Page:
Wisdom Tales – Crane Stories from Southern Africa, a book celebrating the ethos of cranes, was launched recently by the KZN Crane Foundation (KZNCF), beautifully illustrated by David Wheildon Oosthuizen.
Jenny Stipcich, lead author, said “My love affair with cranes began when I met the remarkable Ann Burke and realised how our South African cranes could be used as inspiration for learning about good values.” David added “I am ashamed that I did not even know we had three crane species and it took an American woman (Ann) to teach me about them!”
Wisdom Tales fosters the proud tradition of African storytelling. Its lively stories, written for children and adults alike, reflect the embodied qualities of cranes highly valued by human cultures such as faithfulness and courage. The book also celebrates other creatures that share wetlands and grasslands with the cranes, including the cautious oribi, wise chameleon and watchful black-backed jackal.
Local authoress and educator, Jenny Stipcich and her sister, Viv Stacey, poet and spiritual teacher, combined efforts to write four of the tales. What wisdom can be learned from the Wattled Crane’s scarred face? Why do cranes live longer than most birds? What spiritual attitudes can be learned from the crisis caused by the destruction of our priceless wetlands? Author Gamalihle Sibanda’s delightful story illustrates the importance of patience and adaptation. Artist David Weildon Oosthuizen’s illustrations add vibrancy and warmth to the spirit of the stories with his inspired attention to detail.
At the launch of the book at Fordoun recently, Ann (Project Manager KZNCF) said that the book was the result of long standing collective caring for these Midlands birds, since the establishment of the KZN Crane Foundation 24 years ago. “I believe this is due to recognition that cranes have lived with us for thousands of years – since we were hunters and gatherers and nowadays alongside us in human-transformed agricultural landscapes. When we spend time getting to know the cranes, we discover a deep-rooted respect for their beauty and grace and we begin to understand that cranes reflect some of our most valued human qualities –including parental nurturing and care, faithfulness, and the ability to adapt to changing circumstances.”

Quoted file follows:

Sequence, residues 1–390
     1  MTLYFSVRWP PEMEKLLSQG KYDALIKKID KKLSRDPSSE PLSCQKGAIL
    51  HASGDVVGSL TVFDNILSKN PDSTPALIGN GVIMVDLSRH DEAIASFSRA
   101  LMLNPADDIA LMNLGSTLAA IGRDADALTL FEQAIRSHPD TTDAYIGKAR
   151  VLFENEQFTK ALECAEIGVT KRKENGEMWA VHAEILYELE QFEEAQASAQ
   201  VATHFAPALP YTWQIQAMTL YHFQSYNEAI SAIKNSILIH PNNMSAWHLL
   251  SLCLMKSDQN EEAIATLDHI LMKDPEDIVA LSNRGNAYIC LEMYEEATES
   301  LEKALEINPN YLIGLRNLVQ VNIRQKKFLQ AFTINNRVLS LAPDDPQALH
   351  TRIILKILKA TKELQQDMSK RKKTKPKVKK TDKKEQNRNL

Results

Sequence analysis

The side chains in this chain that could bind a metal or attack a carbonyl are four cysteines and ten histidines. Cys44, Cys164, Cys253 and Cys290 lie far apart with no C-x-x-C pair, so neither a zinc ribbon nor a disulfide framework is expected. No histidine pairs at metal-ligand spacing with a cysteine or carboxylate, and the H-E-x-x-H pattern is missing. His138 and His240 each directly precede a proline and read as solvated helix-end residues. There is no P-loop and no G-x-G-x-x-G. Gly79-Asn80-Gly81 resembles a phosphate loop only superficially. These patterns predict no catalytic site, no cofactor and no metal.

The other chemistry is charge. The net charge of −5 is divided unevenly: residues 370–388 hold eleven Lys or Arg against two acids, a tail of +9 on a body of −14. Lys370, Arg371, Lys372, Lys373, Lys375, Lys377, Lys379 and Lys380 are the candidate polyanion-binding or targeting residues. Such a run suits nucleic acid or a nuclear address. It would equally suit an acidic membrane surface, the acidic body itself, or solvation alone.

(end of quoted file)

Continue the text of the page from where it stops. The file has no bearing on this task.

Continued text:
The book was made possible through the assistance of Intrepid Printers in Pietermaritzburg and a grant from N3 Toll Concession (N3TC).
Andy Visser, N3TC’s Marketing Manager said, “We are privileged to be a part of this wonderful project and thrilled that by the end of this year, five hundred copies of Wisdom Tales will be distributed to local schools and environmental organisations. This resource should enhance awareness of South African children to their natural heritage and equip them with an understanding of the importance of wetlands not only for all the wild creatures, but for the fresh water they provide to human communities.”
Copies of Wisdom Tales are available for R150 at Lazy Lizard Books in the Greendale Acres Centre in Howick and at Fordoun Hotel and Spa, Nottingham Road. All proceeds from the first edition will benefit the KZN Crane Foundation.
Continuing the celebration, In ART Gallery in Nottingham Road will host the Spirit of the Crane Art Exhibition from 12 – 22 September. Hilary Grant Curie, Owner and Curator said, “When my husband and I first moved to Nottingham Road, I heard about the work of the KZNCF and their efforts to build a Nursery to rear endangered Wattled Crane chicks. I can remember flocks of Blue Cranes sharing the veld with my father’s cattle. It was a common sight and annual occurrence…. It saddens me that this is something my own children will likely never experience.”
The KZNCF is currently constructing a Nursery to rear critically endangered Wattled Crane chicks for release into the wild in an effort to bolster South Africa’s remaining wild flock of 260 individuals. For the past 30 years, conservationists in North America have successfully released human-reared cranes into the wild using a technique called “costume-rearing.” This technique, consisting of human caretakers dressed in costumes and puppets, will be used to encourage young cranes to obtain skills necessary for survival in the wild. The Nursery is situated on the Bill Barnes Nature Reserve in Nottingham Road. The first chicks are expected in 2014. Proceeds from the Spirit of the Crane Art Exhibition will go towards the completion of the Nursery.
The KZNCF is a non-profit conservation organisation established in 1989 to combat the causes leading to the decline of South Africa’s three crane species. The foundation is successfully fostering awareness of cranes and their dependence upon wetlands and grasslands through educational outreach and is currently preparing to rear and release Wattled Crane chicks back into the wild. The KZNCF owns and manages the Bill Barnes Crane and Oribi Nature Reserve (BBCONR) in Nottingham Road. To learn more, visit: http://www.kzncrane.co.za